Q: There are going to be inevitable comparisons to Pete Carroll because you've coached with him for awhile. How are you maybe similar or different?
"In a lot of ways. We're different people, just like everybody else. I've worked with a lot of great coaches, most notably Pete, and there are a lot of things that I'm going to take from him and his coaching style, but there are other things that I'm going to take from others as well."
Q: You're a former BYU Cougar, any thoughts about those other Cougars in Pullman?
"I'm excited about the Apple Cup being at home next year. It's going to be a fun experience for us. We'll embrace that game, obviously, to the tilt. Obviously, we all know the importance of that game and we'll go out there and play well. No question."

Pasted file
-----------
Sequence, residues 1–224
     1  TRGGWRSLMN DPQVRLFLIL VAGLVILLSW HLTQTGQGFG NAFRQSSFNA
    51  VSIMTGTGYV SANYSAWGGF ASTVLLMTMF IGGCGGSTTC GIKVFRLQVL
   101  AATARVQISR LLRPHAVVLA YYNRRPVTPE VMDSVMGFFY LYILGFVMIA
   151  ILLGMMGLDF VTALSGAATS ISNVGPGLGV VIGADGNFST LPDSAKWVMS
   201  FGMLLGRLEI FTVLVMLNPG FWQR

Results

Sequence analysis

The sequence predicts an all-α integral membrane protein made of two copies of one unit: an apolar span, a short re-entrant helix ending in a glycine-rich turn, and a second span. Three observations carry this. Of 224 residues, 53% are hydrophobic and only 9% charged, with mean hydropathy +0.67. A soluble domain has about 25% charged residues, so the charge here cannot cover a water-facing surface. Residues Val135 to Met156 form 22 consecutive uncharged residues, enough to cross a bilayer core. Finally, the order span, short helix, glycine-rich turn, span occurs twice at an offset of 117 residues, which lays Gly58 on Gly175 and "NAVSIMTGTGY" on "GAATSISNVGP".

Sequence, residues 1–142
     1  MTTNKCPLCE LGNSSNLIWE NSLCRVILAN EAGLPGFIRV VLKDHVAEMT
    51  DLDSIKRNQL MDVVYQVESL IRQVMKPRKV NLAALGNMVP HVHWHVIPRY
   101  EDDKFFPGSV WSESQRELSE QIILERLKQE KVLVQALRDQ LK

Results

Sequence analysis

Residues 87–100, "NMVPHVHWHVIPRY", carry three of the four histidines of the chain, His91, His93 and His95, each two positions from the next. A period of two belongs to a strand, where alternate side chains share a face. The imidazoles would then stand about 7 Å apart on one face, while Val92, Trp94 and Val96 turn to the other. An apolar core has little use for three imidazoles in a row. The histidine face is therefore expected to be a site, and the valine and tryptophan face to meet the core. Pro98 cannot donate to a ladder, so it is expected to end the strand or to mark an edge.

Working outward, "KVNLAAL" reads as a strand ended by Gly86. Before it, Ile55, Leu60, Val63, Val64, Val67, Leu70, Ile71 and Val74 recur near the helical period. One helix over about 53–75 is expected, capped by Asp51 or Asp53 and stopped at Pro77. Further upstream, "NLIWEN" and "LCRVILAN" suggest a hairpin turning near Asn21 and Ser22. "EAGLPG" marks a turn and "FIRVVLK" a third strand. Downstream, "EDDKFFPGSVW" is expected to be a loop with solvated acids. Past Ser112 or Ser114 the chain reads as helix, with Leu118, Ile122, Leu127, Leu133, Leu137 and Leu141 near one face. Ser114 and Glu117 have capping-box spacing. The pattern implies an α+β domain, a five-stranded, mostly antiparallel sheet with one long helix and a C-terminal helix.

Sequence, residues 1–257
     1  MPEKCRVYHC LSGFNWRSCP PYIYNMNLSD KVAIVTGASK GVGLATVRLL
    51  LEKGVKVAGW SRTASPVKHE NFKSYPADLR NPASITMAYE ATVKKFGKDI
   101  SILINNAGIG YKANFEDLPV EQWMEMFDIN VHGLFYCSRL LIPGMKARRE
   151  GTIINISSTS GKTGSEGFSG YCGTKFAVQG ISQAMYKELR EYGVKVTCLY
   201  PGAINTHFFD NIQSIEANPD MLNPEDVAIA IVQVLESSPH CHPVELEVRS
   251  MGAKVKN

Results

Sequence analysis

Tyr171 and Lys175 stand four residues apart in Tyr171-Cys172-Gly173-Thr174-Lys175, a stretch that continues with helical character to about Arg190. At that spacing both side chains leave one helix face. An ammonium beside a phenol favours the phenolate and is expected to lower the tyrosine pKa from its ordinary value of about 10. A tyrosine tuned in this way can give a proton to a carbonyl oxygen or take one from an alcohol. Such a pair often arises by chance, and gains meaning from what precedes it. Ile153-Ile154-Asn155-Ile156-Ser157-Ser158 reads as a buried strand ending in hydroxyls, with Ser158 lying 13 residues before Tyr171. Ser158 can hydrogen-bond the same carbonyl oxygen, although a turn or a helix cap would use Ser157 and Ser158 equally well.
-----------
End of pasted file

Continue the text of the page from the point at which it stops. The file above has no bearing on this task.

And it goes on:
Q: Don James' recruiting philosophy was to put a wall around the state of Washington. One of the problems over the years has been that wall is crumbling, can you address that?
"The top players in this state should never leave. This is too good of an institution; this is too good of a program for any kid to want to leave so there is no question. So we're going to put a wall up around the state of Washington, around the Seattle and surrounding areas. We're going to keep them here. And when we get out of here, we're going to do a good job identifying the top talent on the West Coast and go after it and go get it."